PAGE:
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Strata-Sphere Szymberski, Christopher; Scott, Heather Anne; Strecker, Kristina; Aitken, Stephanie 2016-07-12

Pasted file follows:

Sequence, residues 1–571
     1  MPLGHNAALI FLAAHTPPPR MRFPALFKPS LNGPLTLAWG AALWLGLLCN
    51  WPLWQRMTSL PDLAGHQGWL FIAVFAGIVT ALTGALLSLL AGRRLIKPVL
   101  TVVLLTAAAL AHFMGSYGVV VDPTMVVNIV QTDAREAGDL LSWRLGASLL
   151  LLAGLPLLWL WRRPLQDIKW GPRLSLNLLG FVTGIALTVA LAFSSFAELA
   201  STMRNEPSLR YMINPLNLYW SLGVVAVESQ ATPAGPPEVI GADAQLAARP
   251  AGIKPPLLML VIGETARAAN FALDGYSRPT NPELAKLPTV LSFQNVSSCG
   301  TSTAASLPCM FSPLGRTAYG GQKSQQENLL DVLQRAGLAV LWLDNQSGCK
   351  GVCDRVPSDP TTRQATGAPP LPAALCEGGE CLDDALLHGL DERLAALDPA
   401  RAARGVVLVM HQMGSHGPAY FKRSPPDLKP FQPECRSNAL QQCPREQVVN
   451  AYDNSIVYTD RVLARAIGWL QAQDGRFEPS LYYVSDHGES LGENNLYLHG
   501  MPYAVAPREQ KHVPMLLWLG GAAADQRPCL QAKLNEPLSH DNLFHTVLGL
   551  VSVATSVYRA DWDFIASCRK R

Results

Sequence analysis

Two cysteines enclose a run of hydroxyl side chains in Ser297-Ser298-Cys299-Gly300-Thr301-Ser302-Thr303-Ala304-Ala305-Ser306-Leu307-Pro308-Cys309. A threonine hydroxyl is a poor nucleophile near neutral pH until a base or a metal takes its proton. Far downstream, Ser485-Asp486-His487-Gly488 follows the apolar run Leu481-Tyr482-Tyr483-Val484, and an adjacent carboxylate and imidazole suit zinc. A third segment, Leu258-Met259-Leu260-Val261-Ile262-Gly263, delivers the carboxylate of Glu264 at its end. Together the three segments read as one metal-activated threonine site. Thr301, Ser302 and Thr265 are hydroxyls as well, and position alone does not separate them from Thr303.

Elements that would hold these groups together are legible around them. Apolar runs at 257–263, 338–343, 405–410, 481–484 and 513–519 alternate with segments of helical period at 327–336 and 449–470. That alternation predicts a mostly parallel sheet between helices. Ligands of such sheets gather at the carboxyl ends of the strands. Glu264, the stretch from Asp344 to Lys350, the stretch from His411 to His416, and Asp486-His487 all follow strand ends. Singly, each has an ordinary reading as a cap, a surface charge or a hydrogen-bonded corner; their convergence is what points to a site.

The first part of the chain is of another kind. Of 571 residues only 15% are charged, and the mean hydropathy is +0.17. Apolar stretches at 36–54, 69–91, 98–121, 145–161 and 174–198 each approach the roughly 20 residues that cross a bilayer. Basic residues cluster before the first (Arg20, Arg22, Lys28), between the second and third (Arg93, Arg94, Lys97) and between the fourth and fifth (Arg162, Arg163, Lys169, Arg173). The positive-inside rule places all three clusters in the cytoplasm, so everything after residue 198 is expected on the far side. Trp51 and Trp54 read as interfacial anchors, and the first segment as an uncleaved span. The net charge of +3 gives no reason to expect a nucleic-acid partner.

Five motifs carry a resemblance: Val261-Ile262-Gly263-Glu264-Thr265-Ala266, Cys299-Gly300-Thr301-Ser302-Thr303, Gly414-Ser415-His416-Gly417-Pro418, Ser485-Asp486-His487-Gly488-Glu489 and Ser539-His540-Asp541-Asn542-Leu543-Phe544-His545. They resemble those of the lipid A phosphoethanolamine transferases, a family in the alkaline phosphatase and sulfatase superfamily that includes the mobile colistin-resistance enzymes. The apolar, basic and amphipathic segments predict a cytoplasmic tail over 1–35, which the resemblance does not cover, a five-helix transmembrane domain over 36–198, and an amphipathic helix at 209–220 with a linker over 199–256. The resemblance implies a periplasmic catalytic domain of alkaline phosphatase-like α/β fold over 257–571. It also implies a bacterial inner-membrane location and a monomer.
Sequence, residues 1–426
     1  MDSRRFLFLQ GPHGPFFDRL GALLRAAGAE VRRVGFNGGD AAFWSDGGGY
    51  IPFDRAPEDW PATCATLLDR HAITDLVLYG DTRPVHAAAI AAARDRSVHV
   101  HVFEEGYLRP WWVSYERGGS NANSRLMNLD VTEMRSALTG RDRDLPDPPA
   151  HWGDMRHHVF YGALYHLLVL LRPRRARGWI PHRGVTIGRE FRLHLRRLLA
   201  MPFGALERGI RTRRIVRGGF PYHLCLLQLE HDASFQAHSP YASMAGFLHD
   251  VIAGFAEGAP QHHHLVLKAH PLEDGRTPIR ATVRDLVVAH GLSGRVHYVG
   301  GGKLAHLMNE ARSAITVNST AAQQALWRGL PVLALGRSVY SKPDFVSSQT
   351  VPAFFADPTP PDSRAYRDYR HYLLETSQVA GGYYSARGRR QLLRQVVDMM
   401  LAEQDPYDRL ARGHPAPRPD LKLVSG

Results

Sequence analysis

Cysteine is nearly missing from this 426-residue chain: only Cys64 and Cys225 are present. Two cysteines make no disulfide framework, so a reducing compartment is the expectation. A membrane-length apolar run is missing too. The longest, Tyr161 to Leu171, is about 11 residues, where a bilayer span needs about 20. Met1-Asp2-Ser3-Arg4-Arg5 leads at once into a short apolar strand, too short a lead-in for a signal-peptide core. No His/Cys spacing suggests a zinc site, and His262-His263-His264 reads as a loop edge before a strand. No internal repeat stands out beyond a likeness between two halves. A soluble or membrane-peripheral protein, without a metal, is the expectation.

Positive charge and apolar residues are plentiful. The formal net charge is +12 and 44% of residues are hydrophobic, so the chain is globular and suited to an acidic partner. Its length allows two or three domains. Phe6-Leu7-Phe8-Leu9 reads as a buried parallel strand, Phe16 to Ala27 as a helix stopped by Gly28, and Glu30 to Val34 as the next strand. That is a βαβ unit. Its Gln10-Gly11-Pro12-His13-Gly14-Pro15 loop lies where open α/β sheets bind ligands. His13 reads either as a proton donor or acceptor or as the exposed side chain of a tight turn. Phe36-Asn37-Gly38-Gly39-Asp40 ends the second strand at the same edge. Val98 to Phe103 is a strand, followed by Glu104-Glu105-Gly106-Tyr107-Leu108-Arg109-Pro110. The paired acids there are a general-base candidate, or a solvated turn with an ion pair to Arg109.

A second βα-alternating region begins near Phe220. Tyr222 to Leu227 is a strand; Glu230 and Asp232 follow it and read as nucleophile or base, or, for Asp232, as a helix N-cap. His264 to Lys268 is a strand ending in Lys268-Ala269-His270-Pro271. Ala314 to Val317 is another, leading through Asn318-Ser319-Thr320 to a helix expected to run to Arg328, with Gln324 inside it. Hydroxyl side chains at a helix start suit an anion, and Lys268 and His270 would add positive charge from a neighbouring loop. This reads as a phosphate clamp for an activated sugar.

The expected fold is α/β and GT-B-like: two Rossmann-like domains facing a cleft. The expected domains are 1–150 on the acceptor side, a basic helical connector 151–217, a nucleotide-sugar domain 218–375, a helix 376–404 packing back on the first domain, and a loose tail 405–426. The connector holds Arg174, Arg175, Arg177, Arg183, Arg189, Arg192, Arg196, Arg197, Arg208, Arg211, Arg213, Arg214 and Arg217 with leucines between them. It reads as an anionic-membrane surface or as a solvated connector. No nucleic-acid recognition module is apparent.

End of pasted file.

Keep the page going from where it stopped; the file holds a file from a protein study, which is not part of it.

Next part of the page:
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 UBC Social Ecological Economic Development Studies (SEEDS) Student ReportChristopher Szymberski, Heather Scott, Kristina Strecker, Stephanie AitkenStrata-SphereLARC 580BJuly 12, 201613942170University of British Columbia Disclaimer: “UBC SEEDS Program provides students with the opportunity to share the findings of their studies, as well as their opinions, conclusions and recommendations with the UBC community. The reader should bear in mind that this is a student project/report and is not an official document of UBC. Furthermore readers should bear in mind that these reports may not reflect the current status of activities at UBC. We urge you to contact the research persons mentioned in a report or a SEEDS team representative about the current status of the subject matter of a project/report”.Christopher Szymberski Design Build Directed Study: 2016 Burning Man Project: ‘Frame of Mind’ Report on Project Completion   The intention of this project was to extend an exploration of building with wood, its unique characteristics as a material, and the use of wood joinery techniques. The result is a building system based on modular pieces of plywood joined by way of both compression and tension and an overlapping/underlapping method of attachment. Originally born from a studio project lead by AnnaLisa Meyboom, students were instructed to explore different wood products and methods of joining inspired by traditional knowledge and augmented by the application of new fabrication technologies and simulated modeling software.  The beginnings of the ‘Frame of Mind’ project came from an exploration of radial joining; how multiple pieces of wood can join at a single point. Through the duration of the studio, the building system evolved through multiple iterations; many of which were done through physical modeling as simulated modeling proved to be an inefficient form of exploration for this type of project. (material properties and responses being particularly difficult to simulate, as well as time consuming) At the end of the studio, the project had reached a stage that imparted a first level of understanding, leaving a large vista of questions to be asked and explored. At the beginning of the summer of 2015, I endeavored to continue to explore the possibilities of the building system with the intention of bringing the project to the Burning Man festival located in the Black Rock Desert of Nevada. With the assistance of 3 other students (Stephanie Aitken, Heather Scott, and Kristina Strecker), new explorations were conducted to address the multitude of curious questions leftover from the initial studio project. The project’s evolution came by way of many trial by error experiments with both scaled models and full scale attempts; resulting in broken material, dead ends, but always new knowledge gained. The resultant building system is elegant; currently consisting of single repeating units that are capable of defining a variety of volumes depending on their arrangement. The building system is efficient. A secondary, self-imposed, criteria for the project was to be as efficient with materials as possible. This was achieved, as each modular plywood strip is cut from a sheet of plywood, with the only waste material being that which the saw blade removes. Thirdly, the project uses the inherent properties of wood to bend and resist bending to its advantage; allowing the modular strips to overlap their neighbor until a circuit is closed, resulting in both compression and tension which holds the building system aloft.  The project also opened several unforeseen paths, which were not initially anticipated. The project became a collaboration, and while much of the work is my own, the project would not be where it is if it were not for the invaluable input and assistance offered by my fellow students. It was not just with the physical project, but also the logistics of the project that became central to the tasks needed to be done.  Coordinating with the festival’s art department; a lighting and power plan, as well as, seeking grants and funding became necessary as the project continued. We (Stephanie, Heather, Kristina, and I) submitted for financing through SALA, and set up our own fundraising campaign, soliciting our friends and family for help. We needed to finish building the project, light it, and to fund our travels to the festival.  The project also enabled us to reach out to a community in Vancouver. Initially acquaintances and now very good friends, the people of Camp Headspace were essential in helping to realize the project. They helped significantly with the logistics of getting us and the project there and back, and, as one member owns a lighting business, were crucial in helping us to light and power the project.  Once we were at the burning man festival, we built the project amidst 50 mph winds in a dust storm. We lit it the first night we were there and celebrated with our new friends on the accomplishment of the project’s realization. Despite the harsh environment, the project withstood the winds, sun, and people with minimal damage, requiring minor repairs, less than a handful of times.  Since our return, discussions with UBC’s Campus and Community Planning began to find a way to incorporate the project into campus life somehow upon our return (This evolution of the project is still in motion and is scheduled to be installed soon). And, with the encouragement and support of my engineer father, we have begun the process to patent the building system as it can span scales and applications.  In conclusion, this has been a very worthwhile project. It was ad still is very satisfying to build, to explore material properties and uses, and to challenge myself in new ways. I was immensely empowered by the experience and have begun to explore a building system that still offers secrets to uncover. Despite many setbacks and hurdles, the project came to fruition with the help and support of faculty, friends, and family, as well as, the persevering spirit of myself and teammates. Cities for Engaged Citizens Stephanie Aitken & Christopher Szymberki  “The moments at which [citizens] are happiest are when they are… engaged in a challenging task and doing it well.” (Kay) After months of designing a project we traveled to Black Rock City, Nevada, where Burning Man, an arts and culture festival takes place. We journeyed there not just to build the project, but also to participate in an event known for radical self- expression. While the challenge of a design-build is a rewarding experience and could be the source of its own essay, we would like to discuss our first hand experience of a place with a rich and dynamic public realm, a place that perpetually offers opportunities for citizens of the temporary city to engage with the world around them. We feel this is important to share because upon returning home, we noticed that Vancouver felt very different from what we had experienced in the Nevada desert. There are many lessons to be learned from Black Rock City, which can be applied to the public realm of more traditional settlements, such as Vancouver, for a happier and more engaged citizen experience. Vancouver is a city known around the world for its dramatic natural beauty, set amongst the scene of ocean and mountains. However, according to local urban planner Lance Berelowitz, if it were not for this scene of dramatic beauty, Vancouver’s “public space would qualify as one of the more banal architectural constructs of any Canadian City” (140) Over the years, Vancouver’s public life has moved away from its civic centers to the edges of the city and the waterfront. This translocation of public life away from traditional uses of civic space towards that of personal leisure, has turned them into “venues of consumption” threatening Vancouver’s civic spaces as no longer being places of “vital, legitimate, political expression” (Berelowitz 258) Compared to the eroding civic spaces of Vancouver, Black Rock City is a place made for self- expression and civic engagement. The uniqueness of Burning Man’s temporary home in the Black Rock Desert is that it is devoid of traditional infrastructure set within an inhospitable environment, and would not exist were it not for people engaging and participating at every level of the community. From our observations, we offer three key elements that empower people to engage their city and citizen experience: 1.  Regulations that empower: Despite popular belief, Burning Man is not a place of chaos. It is a city with operational departments; trained medical and assistance personnel; and, has clear published guidelines of conduct for its citizens. Submitting documents is necessary for art projects, serving food and alcohol, early entry, vehicle registration, burn permits, etc. While the documents are rigorous, they empower people to organize, coordinate, and ultimately to successfully participate through the means of freedom of expression and engagement. 2. Open Ended Design: Black Rock City is designed to be a setting of public and civic engagement through art, performance, workshops, etc. The city is built from what its citizens bring to it; populated with temporary homes, extraordinary artwork, and continual acts of generosity. It is a place full of spontaneous delight, evolving through the contributions of its participants, and existing by way of un-prescribed events, places, and citizen occupation. While its urban plan is formally defined through a continuing framework, the individual elements of the city shift and adapt to the emerging and evolving cultural expressions of its people. Ultimately, it is a citizen determined landscape. 3. Ownership of experience: As the city is full of endless opportunities to express and engage, and has regulations that empower instead of inhibit; citizens are expected to take ownership of their experience. By ownership of experience we mean that each individual is responsible for themselves and the environment around them. For example, it is the participants’ responsibility to know their physical abilities and limits while climbing, jumping, swinging, or engaging with art installations. In this, Burning man offers opportunities for safe risk taking behaviors that the contemporary urban realm prohibits. Also, citizens of Black Rock City take responsibility for M.O.O.P. (matter out of place) by picking up trash and adhering to a ‘leave no trace’ policy. These are two examples of how creating ownership of experience leads to a more adventurous and challenging public realm where people take care of themselves, their environment, and each other.  These key elements combined with the ephemeral conditions of Black Rock City make it a place that fosters engaged citizen experience. We recognize that Black Rock City cannot be replicated in Vancouver; however, we believe that these elements can and should be adapted to enrich and inspire a more vital and engaging public realm. It is our experience as citizens of Vancouver that the city is over-regulated, over-prescribed, and its citizens, therefore, do not take ownership or participate in the public realm. As Lance Berelowitz writes: "Vancouverites are being turned into consumers of, rather than participants in, their own culture, tourists in their own city, and the forms of public space are quietly being appropriated. Meanwhile, more self-generated, unregulated expressions of public life are being increasingly marginalized, both physically and socially." (270) As Landscape Architects we have a responsibility to the public realm. We can look to Black Rock City as an evolving example of a place that allows people to truly engage and participate in the creation of their experience, empowering citizens to take responsibility and ownership of their city. As previously stated, an over-prescribed and over-regulated public realm demotes citizens to tourists in their own city, robbing them of the responsibility and civic participation that brings vitality and genuine happiness to them and the city.  In order to establish a more vital and happy public realm in Vancouver, regulations that promote spontaneity and creative endeavors need to replace onerous rules and regulations. Public spaces should be open-ended where people can occupy and continually re-define the activities, organization, and content. Our goal should be to create a city for engaged citizens.    Sources: Berelowitz, Lance. Dream City: Vancouver and the Global Imagination. Vancouver, B.C.: Douglas & McIntyre, 2005. Print. Kay, John. "Why the 'Happiest' Cities are Boring." FT.com (2015)ProQuest. Web. 15 Oct. 2015.   + + = This project is an expansion of the ‘Aliquot’ studio, taught by AnnaLisa Meyboom, which was interested in timber and wood technologies. The original intention of the studio was to explore the novel characteristics of wood, in its various material forms, and expand on its use as a building material through the application of traditional wood joinery augmented by contemporary digital modeling and fabrication technologies.  One of the primary objectives of the studio was to design a pavilion for the Burning Man arts and cultural festival. ‘Frame of Mind’ represents a stage of resolution arising from a deeper exploration of one of several iterations concerned with radial joining; how a number of wooden units can diverge from a common center. As the project progressed, an elegant joining system arose that makes use of wood’s ability to both bend and resist bending. Frame of MindTensionCompression GeometryTetrahedronDodecahedron IcosidodecahedronTruncated IcosahedronSnub DodecahedronOctahedron IcosahedronCuboctahedron RhombicuboctahedronRhombicosidodecahedronCubex4x8x20x30x12x20x20x80x12x12x12x12x6x6x8x18x8 x2029.5 in1.5 in.25 in60in60inRotate all pieces to cut across the grain. Drill to glue and fit pegs + slightly larger holesx4x18 29.5 in29.5 inMATERIAL ASSEMBLYSectionHole PegOrthographicPerspectiveProcess AssembliesPlan The assembly of the building system is simple; relying on a repeating pattern of overlapping strips of plywood arranged as segments around the center of a regular polygon. Requiring groupings of three or more, the strips are joined by overlapping a hole found at either terminus of the strip atop the peg of a neighboring strip. This process is repeated in either a clockwise or counter-clockwise manner until the circuit is closed, slotting the hole of the final strip atop the peg of the initial.  Upon closure, all of the strips will have formed a polygon. Triangles, squares, pentagons, hexagons and other polygons are all capable of being represented with this system. Continuing, a variety of polygons can then be arranged within repeating patterns that give form to progressively more complex polyhedra.The modular units are efficiently produced from square sheets of plywood, which are first cut into 4 ‘mini-sheets’ and then into strips. Each strip is equipped with two pegs and two holes - a pair at either end.mini-sheetsstrips permini-sheets As the modular strips amalgamate forming regular polygons, different polyhedra begin to grow from their associated genotypical patterns. When bent, the strips exhibit a combination of tension and compression capable of forming a stable structure. Through material experimentation, a balace of flexion and resistant strength within the strips was found.   The subsequently formed structures embody a principle called tensegrity. This is exhibited where isolated components in compression exist inside a net of continuous tension. Unlike typical cable and rod systems used in tensegral structures, the strips in this system, through their unification, form the net of tension as each unit is held in compression by its neighbor.Icosahedron AssemblyTruncated Icosahedron Assembly Precedent Assembly PatternsGenotypical PattensIcosahedron20 (triangles)3012FacesEdgesAxesDodecahedron12 (pentagons)3020FacesEdgesAxesIcosidodecahedron    (20 triangles)+ (12 pentagons)6030FacesEdgesAxes32 = Burning Man 2015Explorations In:Wood Joinery (Radial Joining)Parametric Software + 3D ModelingMaterial Properties & TraitsHarsh Environments And The Unknown...Explorations in Radial Joining: Goose NeckExplorations in Radial Joining: Table LapExplorations in Radial Joining: Dowel and HoleDowel and Hole: Structural PossibilitiesDowel and Hole: Structural PossibilitiesInterferenceDowel and Hole: Structural (Im)possibilitiesRadial Possibilities:      As # of sides increases the radius increases.R=        s    Expanded Rib? InterferenceDeveloping Enclosure: The SkinNested Developing Enclosure: The OnionNested Developing Enclosure: The OnionDeveloping Enclosure: The OnionDeveloping Enclosure: Expanding the RibsThe Widened Rib and Nested FanThe Widened Rib and Nested FanProblem30ft plywood?Solution: Interlocking Belt Bucklehttp://www.angelfire.com/oh3/civilwarantiques/cwimages/1209webcatFINAL-50.jpgInterlocking Lap JointInterlocking Lap JointInterlocking Lap JointInterlocking Lap JointCan we continue?Should we?Solution: Change Scale + Sky Lanternshttp://wildfiretoday.com/wp-content/uploads/2014/06/Sky-lantern-release-in-Chiang-Mai-Thailand-Photo-by-Takeaway.jpgSky LanternsCan we continue?Should we?Solution: Change Scale + Previous Ideas + AgglomerationAgglomerationCan we continue?Should we?Solution: Change Scale of Material + Agglomeration29.5 in1.5 in.25 inSectionHole PegPlan+ + = This project is an expansion of the ‘Aliquot’ studio, taught by AnnaLisa Meyboom, which was interested in timber and wood technologies. The original intention of the studio was to explore the novel characteristics of wood with its various material forms and expand on its use as a building material through the application of traditional wood joinery augmented by contemporary digital modeling and fabrication technologies.  One of the primary objectives of the studio was to design a pavilion for the Burning Man arts and cultural festival. ‘Frame of Mind’ represents a stage of resolution arising from a deeper exploration of one of several iterations concerned with radial joining; how a number of wooden units can diverge from a common center. As the project progressed, an elegant joining system arose that makes use of wood’s ability to both bend and resist bending. Frame of MindTensionCompression GeometryTetrahedronDodecahedron IcosidodecahedronTruncated IcosahedronSnub DodecahedronOctahedron IcosahedronCuboctahedron RhombicuboctahedronRhombicosidodecahedronCubex4x8x20x30x12x20x20x80x12x12x12x12x6x6x8x18x8 x2029.5 in1.5 in.25 in60in60inRotate all pieces to cut across the grain. Drill to glue and fit pegs + slightly larger holesx4x18 29.5 in29.5 inMATERIAL ASSEMBLYSectionHole PegOrthographicPerspectiveProcess AssembliesPlan The assembly of the building system is simple; relying on a repeating pattern of overlapping strips of plywood arranged as segments around the center of a regular polygon. Requiring groupings of three or more, the strips are joined by overlapping a hole found at either terminus of the strip atop the peg of a neighboring strip. This process is repeated in either a clockwise or counter-clockwise manner until the circuit is closed, slotting the hole of the final strip atop the peg of the initial.  Upon closure, all of the strips will have formed a polygon. Triangles, squares, pentagons, hexeagons and other polygons are all capable of being represented with this system. Continuing, a variety of polygons can then be arranged within repeating patterns that give form to progressively more complex polyhedra.The modular units are efficiently produced from square sheets of plywood, which are first cut into 4 ‘mini-sheets’ and then into strips. Each strip is equipped with two pegs and two holes - a pair at either end.mini-sheetsstrips permini-sheets As the modular strips amalgamate forming regular polygons, different polyhedra begin to grow from their associated genotypical patterns. When bent, the strips exhibit a combination of tension and compression capable of forming a stable sturcture. Through material experimentation, a balace of flexion and resistant strength within the strips was found.   The subsequently formed structures embody a principle called tensegrity. This is exhibtited where isolated components in compression exist inside a net of continuous tension. Unlike typical cable and rod systems used in tensegral structures, the strips in this system, through their unification, form the net of tension as each unit is held in compression by its neighbor.Icosahedron AssemblyTruncated Icosahedron Assembly Precedent Assembly PatternsGenotypical PattensIcosahedron20 (triangles)3012FacesEdgesAxesDodecahedron12 (pentagons)3020FacesEdgesAxesIcosidodecahedron32 = 20 triangles12 pentagons6030FacesEdgesAxesWhat about the lights?Lighting TrialLights UsedHow will we get there?  05/22/15 TS Center CampBLACK ROCK CITY20155,000 .Laffing SalKook JollyIllusionHanky Pank Geek    Freak ShowErsatzDonnikerCarnyBallyhoo ArcadeEsplanade Walk-inCampingAreaWalk-inCampingAreaWalk-inCampingArea2:002:152:302:453:003:304:004:305:005:306:307:007:308:008:309:009:159:309:4510:006:00Rod’s RoadNArt ProjectCampBuilding on the PlayaPhoto Credit: Andrew LipsettLessons Learned1. Community2. Surprise and Delight3. Wayfinding4. Civic Engagement 5. Creative Potential6. Safety 3rd7. Humour8. EMBRACE THE DUST!1. CommunityPhoto Credit: Andrew Lipsett2. Surprise and DelightWayfinding3. Wayfinding Photo Credit: Andrew Lipsett4. Civic Engagement 5. Creative PotentialPhoto Credit: Andrew LipsettPhoto Credit: Andrew Lipsett6. Safety 3rd7. Humour8. Embrace the Dust!Photo Credit: Andrew Lipsett